If you’re a sole trader, you own and run a business on your own and you keep all the profit after tax. It’s a popular business structure for people such as photographers or hairdressers. If you set up as a sole trader, it’s easier to operate your business as you have fewer regulations and filling duties. On the other hand, the owner of the business has unlimited liability to all debts and legal actions.

Limited company 

A limited company can be set up by a single person who will be both a shareholder and director or by multiple shareholders. Benefits of setting up a limited company include:

  • Liabilities such as debts or legal action are limited to the company, which means that if the business fails, you’re protected from going personally bankrupt.
  • Corporation tax on profits is lower than the ones sole traders have to pay
  • If you ever decide to sell your business, it’s easier to do it
  • If you want to employ staff, you can pay salaries via the Pay As You Earn scheme

Every year a limited company must put together statutory accounts and send an annual return to Companies House and a Company Tax Return to HMRC. You also must comply with statutory rules and disclose information to the public. 


A partnership means that there are two or more people owning and running a business together. You must register all the partners with HMRC. However, a partner doesn’t have to be a person – a limited company also counts as a partner. In the partnership, partners share the business’s profits, and each partner pays tax on their share.

In the same way as sole traders, the partners have unlimited liability and are responsible personally for the partnership debt.

6. Check if there are any additional rules or regulations for your type of business

Depending on the business you run, there might be some additional rules and regulations you need to follow. For example, if you want to open a convenience store and sell alcohol, you’ll need a special licence and if you want to start a mobile takeaway, you’ll need permission to park anywhere you go.

You also need to make sure you get the right insurance for your business.

7. Work out your costs and source funding

when you start a business, you need to know your costsMany entrepreneurs misjudge how much money they need to start their business. If you spend more than you budgeted and don’t make a profit straight away, you might not be able to afford your business essentials such as rent or supplies. If you underspend, you might be taking away the opportunity to succeed. Being able to save money is a great skill to have. However, sometimes you need to invest more to give your business a realistic chance and get a return on that investment.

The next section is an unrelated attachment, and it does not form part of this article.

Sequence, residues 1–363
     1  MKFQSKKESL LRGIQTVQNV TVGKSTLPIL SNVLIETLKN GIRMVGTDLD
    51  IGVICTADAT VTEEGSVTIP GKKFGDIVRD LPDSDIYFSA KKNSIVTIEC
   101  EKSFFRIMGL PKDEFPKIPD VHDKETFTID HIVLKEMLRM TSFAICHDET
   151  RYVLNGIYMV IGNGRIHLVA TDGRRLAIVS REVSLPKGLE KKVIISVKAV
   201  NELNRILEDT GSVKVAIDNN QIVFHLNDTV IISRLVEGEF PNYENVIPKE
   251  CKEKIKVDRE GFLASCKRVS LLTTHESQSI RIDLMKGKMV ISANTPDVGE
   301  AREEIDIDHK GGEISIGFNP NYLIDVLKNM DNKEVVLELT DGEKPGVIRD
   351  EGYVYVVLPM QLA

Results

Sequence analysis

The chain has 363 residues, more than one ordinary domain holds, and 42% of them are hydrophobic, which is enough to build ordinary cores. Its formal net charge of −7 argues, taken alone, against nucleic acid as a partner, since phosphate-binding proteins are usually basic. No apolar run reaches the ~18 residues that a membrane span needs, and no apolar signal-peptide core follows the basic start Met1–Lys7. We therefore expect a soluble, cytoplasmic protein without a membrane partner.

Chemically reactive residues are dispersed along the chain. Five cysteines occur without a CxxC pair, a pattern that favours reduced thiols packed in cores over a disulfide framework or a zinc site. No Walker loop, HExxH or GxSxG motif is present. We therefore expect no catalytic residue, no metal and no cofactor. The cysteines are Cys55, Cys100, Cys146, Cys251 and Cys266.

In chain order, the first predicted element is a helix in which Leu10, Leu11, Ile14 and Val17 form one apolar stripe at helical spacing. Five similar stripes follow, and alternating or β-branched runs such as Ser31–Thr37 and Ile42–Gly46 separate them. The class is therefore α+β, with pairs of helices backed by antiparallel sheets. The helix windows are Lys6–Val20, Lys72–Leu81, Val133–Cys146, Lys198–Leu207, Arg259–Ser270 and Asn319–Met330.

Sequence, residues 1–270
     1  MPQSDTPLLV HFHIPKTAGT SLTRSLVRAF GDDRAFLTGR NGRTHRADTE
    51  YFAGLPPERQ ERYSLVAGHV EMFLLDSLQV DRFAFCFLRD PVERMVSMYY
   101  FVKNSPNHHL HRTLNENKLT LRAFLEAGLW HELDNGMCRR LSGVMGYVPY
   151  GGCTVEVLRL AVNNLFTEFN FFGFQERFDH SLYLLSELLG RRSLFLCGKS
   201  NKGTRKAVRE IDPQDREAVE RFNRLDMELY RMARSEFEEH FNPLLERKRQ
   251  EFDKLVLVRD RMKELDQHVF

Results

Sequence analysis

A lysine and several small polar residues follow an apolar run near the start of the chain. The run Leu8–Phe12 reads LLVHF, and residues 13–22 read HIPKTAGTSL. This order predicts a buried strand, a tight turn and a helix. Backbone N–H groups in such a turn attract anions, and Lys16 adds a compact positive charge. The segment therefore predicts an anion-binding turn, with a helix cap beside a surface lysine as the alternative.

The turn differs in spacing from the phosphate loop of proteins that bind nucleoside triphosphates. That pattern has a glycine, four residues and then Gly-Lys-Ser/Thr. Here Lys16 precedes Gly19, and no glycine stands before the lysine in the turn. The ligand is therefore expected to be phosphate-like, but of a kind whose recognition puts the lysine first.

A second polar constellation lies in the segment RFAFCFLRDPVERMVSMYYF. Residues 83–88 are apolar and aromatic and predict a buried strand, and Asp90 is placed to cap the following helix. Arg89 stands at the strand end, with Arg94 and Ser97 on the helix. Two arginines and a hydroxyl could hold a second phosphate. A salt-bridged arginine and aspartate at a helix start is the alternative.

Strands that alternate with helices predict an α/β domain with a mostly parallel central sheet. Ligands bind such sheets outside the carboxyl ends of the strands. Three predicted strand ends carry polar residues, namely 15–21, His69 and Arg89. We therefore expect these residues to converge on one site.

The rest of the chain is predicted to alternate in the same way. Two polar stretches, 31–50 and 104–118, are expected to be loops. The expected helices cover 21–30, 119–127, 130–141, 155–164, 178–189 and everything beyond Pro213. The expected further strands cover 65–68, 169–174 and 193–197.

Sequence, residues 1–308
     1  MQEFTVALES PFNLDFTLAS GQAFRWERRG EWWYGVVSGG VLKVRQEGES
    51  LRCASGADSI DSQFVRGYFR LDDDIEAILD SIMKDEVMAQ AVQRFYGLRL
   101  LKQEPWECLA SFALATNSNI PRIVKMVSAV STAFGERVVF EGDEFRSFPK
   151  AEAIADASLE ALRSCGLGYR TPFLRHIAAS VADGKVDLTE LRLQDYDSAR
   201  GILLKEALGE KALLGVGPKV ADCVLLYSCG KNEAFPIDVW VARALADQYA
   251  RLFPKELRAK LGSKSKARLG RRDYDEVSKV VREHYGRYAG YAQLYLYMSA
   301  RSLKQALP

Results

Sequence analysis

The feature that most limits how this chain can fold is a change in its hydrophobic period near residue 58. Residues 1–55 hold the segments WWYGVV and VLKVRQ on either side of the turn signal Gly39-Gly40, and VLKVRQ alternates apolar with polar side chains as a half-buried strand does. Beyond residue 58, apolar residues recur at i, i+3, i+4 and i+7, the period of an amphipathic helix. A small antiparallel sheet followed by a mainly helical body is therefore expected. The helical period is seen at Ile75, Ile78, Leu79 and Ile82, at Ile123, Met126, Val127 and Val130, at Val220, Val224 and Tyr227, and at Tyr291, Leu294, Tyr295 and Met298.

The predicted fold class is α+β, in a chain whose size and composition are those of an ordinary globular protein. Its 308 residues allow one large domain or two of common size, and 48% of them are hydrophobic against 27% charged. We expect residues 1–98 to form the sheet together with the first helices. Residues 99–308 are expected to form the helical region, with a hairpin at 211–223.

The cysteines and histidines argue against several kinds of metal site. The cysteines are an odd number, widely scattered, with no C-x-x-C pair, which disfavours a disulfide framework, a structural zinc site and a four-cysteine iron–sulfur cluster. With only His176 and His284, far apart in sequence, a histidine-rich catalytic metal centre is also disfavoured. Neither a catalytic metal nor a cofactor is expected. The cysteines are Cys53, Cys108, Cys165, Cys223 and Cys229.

Once you have a business plan in place, you’ll have a better understanding of how much money you need to start and run before making income. Then you can think of the ways to fund your business. Think if you can self-fund it, need to get a startup loan or find some investors. 

8. Choose where you’ll work

Paying for business premises can be very expensive, especially when you’re just starting up. If you have a chance, consider working from home. 

However, if you’re renting, running a business from the property might be prohibited under the terms of your tenancy agreement. Even if it’s not mentioned, you still need to get permission from your landlord. And if you have a mortgage, you might need to get permission from your mortgage provider. 

Running a business from home might also affect your tax. If you dedicate a part of your home exclusively for business purposes, you will need to pay business rates on that part of the property. Also, if you ever decide to sell it you’ll have to pay capital gains tax on that part. 

If you need to rent a commercial property, consider things such as location (is it easy to get to for you, your employees and customers?) and costs (can you afford to pay rent and other bills?).

Nevertheless, whether you work from home or from commercial property, you need to be aware of business rates. Read more about it here.

9. Find business support

While we left it as the last step, there’s no one right time to find the support you need and you should never be ashamed if you need help at the very beginning! 

Starting a business can be a difficult journey… when you go on it alone! Getting advice from someone who has already been through all of the highs and lows of starting a business can help you set up for success. With years of experience and the right knowledge, a business advisor can guide and support you at every stage of your journey. 

Business advisors also have a lot of connections. If you need help from an expert (e.g. help with creating your marketing materials or even getting a business loan), they can point you in the right direction. They can also help you expand your own network by introducing you to other professionals or letting you know about the industry-specific workshops or networking events. 

If you decide you’d like to work with a business advisor, you don’t have to look far! We have a team of experienced professionals who have helped hundreds of people to start and succeed. And they’re ready to help you now!

Contact us now!